Tuesday, 28 January 2014

ICJ defines Peru-Chile maritime border

On 27 January the UN court at The Hague delivered its eagerly awaited verdict on the bitter Peru-Chile maritime dispute. Judges at the ICJ awarded parts of the Pacific Ocean to Peru, the claimant in this case, while keeping considerable, rich fishing waters within Chile’s borders. The disputed territory amounted to 38,000 km2 of some of the world’s richest fishing grounds, invaluable to these two Latin American nations, both of whom being the world’s biggest exporters of fishmeal.

Following Peru’s application to the ICJ in 2008, the Court yesterday allocated 20,000 km2 to the claimant, with control over an additional 28,000 km2 of Pacific international waters. The Peruvian President, Ollanta Humala, said that he was pleased with the outcome and would “take the required actions and measures immediately for its prompt implementation". Lima wanted the maritime boundary to extend out in a south westerly direction, contiguous to the land border.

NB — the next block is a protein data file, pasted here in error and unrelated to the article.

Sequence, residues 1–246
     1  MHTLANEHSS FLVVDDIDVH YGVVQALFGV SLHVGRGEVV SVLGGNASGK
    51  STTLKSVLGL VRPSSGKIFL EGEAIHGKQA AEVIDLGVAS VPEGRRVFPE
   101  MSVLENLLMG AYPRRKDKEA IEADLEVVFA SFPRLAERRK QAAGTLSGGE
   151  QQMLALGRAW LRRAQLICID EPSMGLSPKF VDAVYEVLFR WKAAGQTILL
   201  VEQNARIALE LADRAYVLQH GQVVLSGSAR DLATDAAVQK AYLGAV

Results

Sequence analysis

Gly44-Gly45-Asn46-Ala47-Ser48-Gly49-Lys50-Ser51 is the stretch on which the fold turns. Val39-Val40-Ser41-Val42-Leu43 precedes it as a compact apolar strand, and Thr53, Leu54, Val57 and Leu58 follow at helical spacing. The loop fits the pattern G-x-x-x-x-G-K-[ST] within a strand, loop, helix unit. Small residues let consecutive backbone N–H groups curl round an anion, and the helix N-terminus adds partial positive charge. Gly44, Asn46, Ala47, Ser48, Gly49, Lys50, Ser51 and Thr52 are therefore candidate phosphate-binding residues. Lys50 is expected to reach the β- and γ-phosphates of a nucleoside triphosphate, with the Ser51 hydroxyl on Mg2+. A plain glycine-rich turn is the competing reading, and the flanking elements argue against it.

Santiago disagreed with this interpretation, believing instead that the boundary should lie parallel to the equator, based on bilateral treaties signed in the 1950s. “Its position throughout the proceedings was that the Parties had already delimited the whole maritime area in dispute, by agreement, in 1952, and that, accordingly, no maritime delimitation should be performed by the Court,” the judges said.  Chile’s President Michelle Bachelet said she would begin implementing the ruling gradually, despite citing it as a “painful loss”.
In its final ruling, the Court “defined the course of the maritime boundary between the Parties without determining the precise geographical co-ordinates. Moreover, the Court has not been asked to do so in the Parties’ final submissions. The Court expects that the Parties will determine these co-ordinates in accordance with the present Judgment, in the spirit of good neighbourliness.” However, it did say that the boundary should begin at the same point that it does now. 

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